SAN SALVADOR – Children in Latin America are prey to violence, especially to sexual assault, Jose Bergua, child protection regional adviser for the United Nations Children’s Fund (UNICEF) told EFE in an interview.
The official said that hardly any government in the region gives the deserved priority to curbing violence against children and teens, which he said is yet another reason why minors migrate from their countries.
The UNICEF regional adviser for Latin America and the Caribbean, currently in El Salvador for the 22nd Regional Conference on migration dubbed “Migrant Women,” said that “sexual violence is a matter to which governments have paid little attention,” though the situation is frightening enough to force more and more girls, from tots to teenagers, to flee their homelands.
UNICEF estimates that 1.1 million female minors have been subjected to violence at some time in their lives, from sexual abuse, rape and kidnapping to forced recruitment by street gangs and organized crime, which, according to Bergua, “weighs so heavily on these youngsters that they choose to emigrate.”
Faced with this problem, the expert said that one of UNICEF’s great challenges is to dispel the “invisibility” suffered by abused underage girls.
He also said that Latin American countries seem unconcerned about collecting information that would help UNICEF and other international organizations have access to data on the main problems in this area.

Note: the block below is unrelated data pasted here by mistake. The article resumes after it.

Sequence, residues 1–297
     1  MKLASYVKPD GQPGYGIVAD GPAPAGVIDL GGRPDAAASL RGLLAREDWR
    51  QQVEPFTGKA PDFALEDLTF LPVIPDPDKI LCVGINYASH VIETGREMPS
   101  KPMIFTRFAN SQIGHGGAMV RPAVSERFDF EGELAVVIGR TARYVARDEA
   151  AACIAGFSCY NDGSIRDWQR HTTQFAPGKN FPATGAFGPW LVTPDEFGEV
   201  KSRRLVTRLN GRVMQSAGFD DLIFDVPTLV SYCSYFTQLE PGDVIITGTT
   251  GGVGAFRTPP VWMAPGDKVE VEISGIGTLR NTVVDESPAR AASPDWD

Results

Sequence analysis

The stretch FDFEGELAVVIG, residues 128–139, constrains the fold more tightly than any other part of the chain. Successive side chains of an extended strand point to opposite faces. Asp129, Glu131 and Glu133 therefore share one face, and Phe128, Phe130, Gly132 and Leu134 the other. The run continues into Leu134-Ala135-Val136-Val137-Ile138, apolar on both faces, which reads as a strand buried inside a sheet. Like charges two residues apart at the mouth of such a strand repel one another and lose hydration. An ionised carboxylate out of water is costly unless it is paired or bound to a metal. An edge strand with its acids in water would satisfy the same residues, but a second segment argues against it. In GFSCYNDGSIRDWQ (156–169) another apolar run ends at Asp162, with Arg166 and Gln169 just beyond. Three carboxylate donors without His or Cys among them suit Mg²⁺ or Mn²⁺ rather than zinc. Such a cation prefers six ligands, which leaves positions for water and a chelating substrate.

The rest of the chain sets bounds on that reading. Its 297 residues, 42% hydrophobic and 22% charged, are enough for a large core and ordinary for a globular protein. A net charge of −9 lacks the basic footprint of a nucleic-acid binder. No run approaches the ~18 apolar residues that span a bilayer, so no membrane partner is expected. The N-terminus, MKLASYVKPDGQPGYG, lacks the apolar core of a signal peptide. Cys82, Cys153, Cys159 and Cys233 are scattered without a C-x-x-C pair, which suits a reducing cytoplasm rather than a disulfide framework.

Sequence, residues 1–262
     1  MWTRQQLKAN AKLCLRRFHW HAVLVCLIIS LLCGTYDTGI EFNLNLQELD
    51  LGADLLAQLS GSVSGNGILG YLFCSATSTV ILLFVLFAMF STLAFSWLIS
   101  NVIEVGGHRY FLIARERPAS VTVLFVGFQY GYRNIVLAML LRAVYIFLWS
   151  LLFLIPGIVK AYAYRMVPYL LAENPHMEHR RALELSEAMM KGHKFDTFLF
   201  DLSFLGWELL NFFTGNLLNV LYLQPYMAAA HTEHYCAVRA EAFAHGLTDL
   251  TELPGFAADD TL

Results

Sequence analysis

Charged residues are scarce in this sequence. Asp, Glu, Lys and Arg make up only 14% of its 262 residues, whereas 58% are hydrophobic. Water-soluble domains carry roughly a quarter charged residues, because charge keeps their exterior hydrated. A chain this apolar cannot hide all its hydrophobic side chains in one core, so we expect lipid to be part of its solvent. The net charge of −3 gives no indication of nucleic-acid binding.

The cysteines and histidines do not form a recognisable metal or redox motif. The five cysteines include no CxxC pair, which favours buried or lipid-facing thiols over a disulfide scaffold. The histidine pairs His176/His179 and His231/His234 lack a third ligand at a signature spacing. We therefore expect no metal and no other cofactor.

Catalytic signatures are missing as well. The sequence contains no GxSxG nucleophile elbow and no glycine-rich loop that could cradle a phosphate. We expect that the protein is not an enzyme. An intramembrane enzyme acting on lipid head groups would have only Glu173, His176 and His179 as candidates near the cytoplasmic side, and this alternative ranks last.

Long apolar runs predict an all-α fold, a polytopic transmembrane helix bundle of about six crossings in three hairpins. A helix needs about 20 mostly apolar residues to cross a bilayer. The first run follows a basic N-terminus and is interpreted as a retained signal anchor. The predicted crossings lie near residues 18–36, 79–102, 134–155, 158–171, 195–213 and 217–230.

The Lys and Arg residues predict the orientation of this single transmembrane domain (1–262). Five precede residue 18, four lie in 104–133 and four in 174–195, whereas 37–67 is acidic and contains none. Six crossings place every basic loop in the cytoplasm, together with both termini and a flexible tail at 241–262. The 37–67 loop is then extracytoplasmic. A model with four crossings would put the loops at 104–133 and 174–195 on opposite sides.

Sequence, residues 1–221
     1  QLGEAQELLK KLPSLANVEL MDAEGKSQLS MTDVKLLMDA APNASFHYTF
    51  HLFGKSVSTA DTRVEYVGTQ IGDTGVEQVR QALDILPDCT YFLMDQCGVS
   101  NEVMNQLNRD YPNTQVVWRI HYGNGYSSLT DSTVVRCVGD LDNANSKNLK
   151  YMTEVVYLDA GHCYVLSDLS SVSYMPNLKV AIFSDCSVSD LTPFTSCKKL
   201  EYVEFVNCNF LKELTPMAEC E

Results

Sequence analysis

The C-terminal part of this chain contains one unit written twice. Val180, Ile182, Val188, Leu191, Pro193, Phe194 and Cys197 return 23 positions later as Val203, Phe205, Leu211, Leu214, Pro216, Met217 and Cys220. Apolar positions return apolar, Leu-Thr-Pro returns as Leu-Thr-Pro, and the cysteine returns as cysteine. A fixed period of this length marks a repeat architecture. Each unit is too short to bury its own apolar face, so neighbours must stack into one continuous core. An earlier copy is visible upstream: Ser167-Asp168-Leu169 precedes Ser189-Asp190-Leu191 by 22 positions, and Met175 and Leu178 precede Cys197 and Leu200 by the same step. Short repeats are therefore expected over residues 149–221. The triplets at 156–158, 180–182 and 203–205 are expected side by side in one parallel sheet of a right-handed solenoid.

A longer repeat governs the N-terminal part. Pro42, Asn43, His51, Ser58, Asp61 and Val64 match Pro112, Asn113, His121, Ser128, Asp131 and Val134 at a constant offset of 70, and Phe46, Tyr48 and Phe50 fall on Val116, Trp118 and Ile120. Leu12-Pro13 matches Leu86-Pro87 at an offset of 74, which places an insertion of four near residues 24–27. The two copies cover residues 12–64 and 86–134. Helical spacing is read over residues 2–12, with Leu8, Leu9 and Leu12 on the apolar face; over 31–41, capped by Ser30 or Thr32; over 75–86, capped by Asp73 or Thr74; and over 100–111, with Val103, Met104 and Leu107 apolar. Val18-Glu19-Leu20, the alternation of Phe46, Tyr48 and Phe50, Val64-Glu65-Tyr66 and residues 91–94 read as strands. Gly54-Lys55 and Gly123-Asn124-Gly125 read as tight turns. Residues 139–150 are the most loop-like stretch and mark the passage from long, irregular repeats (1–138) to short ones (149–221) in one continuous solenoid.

Bergua noted that “governments must establish powerful information systems” that will help “raise visibility” of the cruel realities these minors are going through, and which would allow countries to have all the “elementary data needed to eliminate the problem.”
“The more specific information we obtain, the better UNICEF can decide on the kind of policies it should launch to eradicate this type of violence,” he said.
Bergua recalled that little girls and female adolescents, before becoming victims of violence, migrants, refugees or applicants for asylum, are girls “who ought to be defended by their governments,” which are duty-bound to protect their human rights from being “trampled on.”
Between Nov. 27-30, El Salvador hosted the 22nd Regional Conference on Migration – “Migrating Women” – in which UNICEF discussed and recommended measures for protecting female minors.
At present, the member nations of the Regional Conference are Belize, Canada, Costa Rica, El Salvador, the United States, Guatemala, Honduras, Mexico, Nicaragua, Panama and the Dominican Republic.